For instance, in most experimental papers, one can only present an illustrative portion of all the data taken because of the sheer volume of data usually acquired. What is presented is supposed to be to a representative sample. However, as readers, we are never sure this is actually the case. We trust that our experimental colleagues have presented the data in a way that is honest, illustrative of all the data taken, and is reproducible under similar conditions. It is increasingly becoming a trend to publish the remaining data in the supplemental section — but the utter amount of data taken can easily overwhelm this section as well.

When writing a paper, an experimentalist also has to make certain choices about how to represent the data. Increasingly, the amount of data at the experimentalist’s disposal means that they often choose to show the data using some sort of color scheme in a contour or color density plot. Just take a flip through Nature Physics, for example, to see how popular this style of data representation has become. Almost every cover of Nature Physics is supplied by this kind of data.

However, there are some dangers that come with color schemes if the colors are not chosen appropriately. There is a great post at medvis.org talking about the ills of using, e.g. the rainbow color scheme, and how misleading it can be in certain circumstances. Make sure to also take a look at the articles cited therein to get a flavor of what these schemes can do. In particular, there is a paper called “Rainbow Map (Still) Considered Harmful”, which has several noteworthy comparisons of different color schemes including ones that are and are not perceptually linear. Take a look at the plots below and compare the different color schemes chosen to represent the same data set (taken from the “Rainbow Map (Still) Considered Harmful” paper):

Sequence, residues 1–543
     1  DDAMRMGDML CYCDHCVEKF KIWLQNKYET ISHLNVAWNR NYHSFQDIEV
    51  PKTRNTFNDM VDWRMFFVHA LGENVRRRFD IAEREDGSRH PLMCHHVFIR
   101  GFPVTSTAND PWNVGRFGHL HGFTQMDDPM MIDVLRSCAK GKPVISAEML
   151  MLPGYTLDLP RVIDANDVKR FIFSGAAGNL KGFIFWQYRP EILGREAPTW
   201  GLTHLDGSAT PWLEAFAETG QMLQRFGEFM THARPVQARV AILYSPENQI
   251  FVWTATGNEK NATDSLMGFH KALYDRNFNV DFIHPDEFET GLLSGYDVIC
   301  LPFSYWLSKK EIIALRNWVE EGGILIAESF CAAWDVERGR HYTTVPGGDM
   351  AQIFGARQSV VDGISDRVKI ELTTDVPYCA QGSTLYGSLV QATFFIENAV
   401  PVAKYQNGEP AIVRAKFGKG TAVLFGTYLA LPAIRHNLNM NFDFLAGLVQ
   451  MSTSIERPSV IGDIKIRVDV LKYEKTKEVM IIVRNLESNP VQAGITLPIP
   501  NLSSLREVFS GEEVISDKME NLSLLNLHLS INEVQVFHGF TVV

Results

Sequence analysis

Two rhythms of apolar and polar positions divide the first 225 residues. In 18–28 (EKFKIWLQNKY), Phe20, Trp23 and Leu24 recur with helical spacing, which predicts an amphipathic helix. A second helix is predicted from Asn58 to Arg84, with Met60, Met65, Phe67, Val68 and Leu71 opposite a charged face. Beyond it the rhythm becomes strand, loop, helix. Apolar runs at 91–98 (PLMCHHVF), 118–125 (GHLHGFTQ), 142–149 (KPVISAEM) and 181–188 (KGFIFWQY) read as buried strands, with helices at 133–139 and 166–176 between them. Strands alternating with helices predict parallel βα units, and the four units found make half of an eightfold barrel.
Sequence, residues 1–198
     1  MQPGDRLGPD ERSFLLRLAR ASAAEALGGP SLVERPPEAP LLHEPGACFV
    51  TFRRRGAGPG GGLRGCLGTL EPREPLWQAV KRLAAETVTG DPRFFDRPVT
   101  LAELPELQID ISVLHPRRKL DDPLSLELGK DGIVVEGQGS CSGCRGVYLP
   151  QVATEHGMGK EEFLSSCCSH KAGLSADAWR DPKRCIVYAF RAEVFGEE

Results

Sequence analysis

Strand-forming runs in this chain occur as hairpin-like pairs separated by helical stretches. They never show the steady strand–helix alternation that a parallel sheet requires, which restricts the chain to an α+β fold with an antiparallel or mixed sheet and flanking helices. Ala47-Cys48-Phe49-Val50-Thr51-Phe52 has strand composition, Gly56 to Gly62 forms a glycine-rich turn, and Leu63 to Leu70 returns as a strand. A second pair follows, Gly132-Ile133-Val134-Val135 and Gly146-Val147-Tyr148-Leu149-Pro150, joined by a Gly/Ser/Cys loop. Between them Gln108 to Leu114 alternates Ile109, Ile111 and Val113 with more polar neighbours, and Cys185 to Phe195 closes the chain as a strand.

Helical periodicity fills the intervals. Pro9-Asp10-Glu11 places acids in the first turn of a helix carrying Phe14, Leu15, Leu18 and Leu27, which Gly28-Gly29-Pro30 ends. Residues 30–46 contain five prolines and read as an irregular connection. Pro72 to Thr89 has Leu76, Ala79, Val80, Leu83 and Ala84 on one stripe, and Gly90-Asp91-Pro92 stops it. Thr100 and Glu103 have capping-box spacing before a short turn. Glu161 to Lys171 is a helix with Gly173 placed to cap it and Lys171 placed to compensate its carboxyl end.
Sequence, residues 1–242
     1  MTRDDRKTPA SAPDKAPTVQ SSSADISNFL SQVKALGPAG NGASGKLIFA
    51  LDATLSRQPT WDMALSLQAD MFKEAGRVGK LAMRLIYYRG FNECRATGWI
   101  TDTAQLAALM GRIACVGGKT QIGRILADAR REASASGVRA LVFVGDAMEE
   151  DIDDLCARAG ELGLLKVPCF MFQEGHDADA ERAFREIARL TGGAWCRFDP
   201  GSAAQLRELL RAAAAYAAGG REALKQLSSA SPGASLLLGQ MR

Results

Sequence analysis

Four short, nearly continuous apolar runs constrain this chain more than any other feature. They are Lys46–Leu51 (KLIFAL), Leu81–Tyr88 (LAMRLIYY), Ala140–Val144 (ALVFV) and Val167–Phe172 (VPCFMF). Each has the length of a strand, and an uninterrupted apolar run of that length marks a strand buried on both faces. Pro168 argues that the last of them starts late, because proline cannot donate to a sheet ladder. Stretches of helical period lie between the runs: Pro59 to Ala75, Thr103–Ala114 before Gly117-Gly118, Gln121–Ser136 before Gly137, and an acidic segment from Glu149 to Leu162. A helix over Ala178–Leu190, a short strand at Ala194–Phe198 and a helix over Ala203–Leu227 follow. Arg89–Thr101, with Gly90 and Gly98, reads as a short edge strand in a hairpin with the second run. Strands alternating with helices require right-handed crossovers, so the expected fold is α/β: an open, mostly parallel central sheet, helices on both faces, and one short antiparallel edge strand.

The rainbow scheme appears to show more drastic gradients in comparison to the other color schemes. My point, though, is that by choosing certain color schemes, an experimentalist can artificially enhance an effect or obscure one he/she does not want the reader to notice.

In fact, the experimentalist makes many choices when publishing a paper — the size of an image, the bounds of the axes, the scale of the axes (e.g. linear vs. log), the outliers omitted, etc.– all of which can have profound effects on the message of the paper. This is why there is an underlying issue of trust that lurks in within the community. We trust that experimentalists choose to exhibit data in an attempt to be as honest as they can be. Of course, there are always subconscious biases lurking when these choices are made. But my hope is that experimentalists are mindful and introspective when representing data, doubting themselves to a healthy extent before publishing results.

To be a part of the scientific community means that, among other things, you are accepted for your honesty and that your work is (hopefully) trustworthy. A breach of this implicit contract is seen as a grave offence and is why cases of misconduct are taken so seriously.